Ms. magazine  -- more than a magazine a movement

SIGN UP FOR MS. DIGEST, JOBS, NEWS AND ALERTS

FEMINIST WIRE NEWSBRIEFS

ABOUT
SEE CURRENT ISSUE
SHOP MS. STORE
MS. IN THE CLASSROOM
FEMINIST DAILY WIRE
FEMINIST RESOURCES
PRESS
JOBS AT MS.
READ BACK ISSUES
CONTACT
RSS (XML)
 
feminist wire | daily newsbriefs

February-04-13

India Enacts Harsher Punishments for Sexual Assault

Over the weekend, Indian President Pranab Mukherjee and the Union Cabinet approved new provisions to the Indian Penal Code that create harsher punishments for sexual assault and rape. The laws went into immediate effect when President Mukherjee's signed them on Sunday, but must be ratified by Parliament.

With the new provisions, the death penalty could be sought in rape cases where a woman is left in a vegetative state, whereas before the death penalty could only be applied when a woman died from her injuries. In addition, the new provisions tackle other forms of sexual assault, such as voyeurism, stalking, and groping, and provides tougher punishments for offenses that had previously carried little to no weight. Human trafficking is also criminalized under the new laws, which could impact widespread child labor practices in India.

While many are applauding the new ordinances, some women's right activists believe that the new laws don't go far enough. For example, under the new laws it is still legal for a husband to rape his wife and service members are protected under a special law that gives them impunity.

Public outrage over a gang-rape that left a woman dead and garnered international attention spurred the President and Cabinet to approve the laws even though Parliament was in recess. On December 16th, the 23-year-old medical student and her male partner were attacked while riding a bus in New Delhi. Both were severely beaten. The woman was raped repeatedly for nearly an hour before a metal rod was pushed inside her, critically damaging her internal organs. She was transferred to a hospital in Singapore and required multiple surgeries for head and intestinal injuries. She died as a result of her injuries two weeks later. Five men who allegedly attacked her are currently being tried in a special fast-track court. A sixth was determined to be a minor and will be tried separately in juvenile court.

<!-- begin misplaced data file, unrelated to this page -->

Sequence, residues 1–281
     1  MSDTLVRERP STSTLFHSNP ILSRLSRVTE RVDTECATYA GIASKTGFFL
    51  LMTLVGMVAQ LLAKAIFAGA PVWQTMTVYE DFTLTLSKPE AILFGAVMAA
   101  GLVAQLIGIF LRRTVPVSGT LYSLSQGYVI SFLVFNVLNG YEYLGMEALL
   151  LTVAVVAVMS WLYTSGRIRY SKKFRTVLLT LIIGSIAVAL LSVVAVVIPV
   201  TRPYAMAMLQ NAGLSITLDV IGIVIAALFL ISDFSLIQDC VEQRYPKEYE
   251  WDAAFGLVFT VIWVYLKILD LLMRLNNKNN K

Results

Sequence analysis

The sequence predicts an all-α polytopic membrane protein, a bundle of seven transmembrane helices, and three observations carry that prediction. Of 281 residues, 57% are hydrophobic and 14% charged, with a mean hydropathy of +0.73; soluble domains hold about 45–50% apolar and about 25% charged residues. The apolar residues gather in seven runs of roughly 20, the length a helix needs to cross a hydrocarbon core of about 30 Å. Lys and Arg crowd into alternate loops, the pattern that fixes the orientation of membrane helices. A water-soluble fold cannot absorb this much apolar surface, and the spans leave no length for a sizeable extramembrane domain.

Media Resources: Times of India 2/4/2013; Wall Street Journal 2/3/2013; Washington Post 2/3/2013; Feminist Newswire 1/28/2013, 1/24/2013


© Feminist Majority Foundation, publisher of Ms. magazine

If you liked this story, consider making a tax-deductible donation to support Ms. magazine.

 

 

Send to a Friend
Their
Your
Comments
(optional)


More Feminist News

11/21/2014 STATEMENT: Feminist Majority Foundation Applauds President's Executive Order on Immigration - Statement from Eleanor Smeal, Feminist Majority Foundation president: "The Feminist Majority Foundation applauds President Obama for taking much needed executive action to help fix our broken immigration system that has for too long torn hardworking families apart. . . .
 
11/21/2014 Fifth Circuit Court Refuses to Reconsider Ruling Blocking Mississippi TRAP Law - The full US Court of Appeals for the Fifth Circuit on Thursday refused to reconsider a panel decision blocking enforcement of a Mississippi law that threatened to close the last remaining abortion clinic in the state. In July, a panel of the Fifth Circuit Court of Appeals upheld a preliminary injunction against a Mississippi TRAP (Targeted Regulation of Abortion Providers) law requiring abortion providers to obtain admitting privileges at local hospitals. . . .
 
11/21/2014 UN Expert Calls for Action To End Violence Against Women in Afghanistan - United Nations Special Rapporteur on Violence against Women Rashida Manjoo returned last week from a nine-day official visit in Afghanistan with a call to the Afghan Government and the international community to continue its focus on creating sustainable solutions to reduce violence against women. This was Manjoo's third visit to Afghanistan, and the Special Rapporteur noted many positive developments since her travel to the country in 1999, during the Taliban regime, and in 2005. In particular, Manjoo cited the creation of the Elimination of Violence Against Women Law (EVAW) by presidential decree in 2009 as "a key step towards the elimination of violence against women and girls."EVAW criminalizes 22 acts of violence against women - including rape, child and forced marriage, domestic violence, trafficking, and forced self-immolation - and specifies punishment for perpetrators. . . .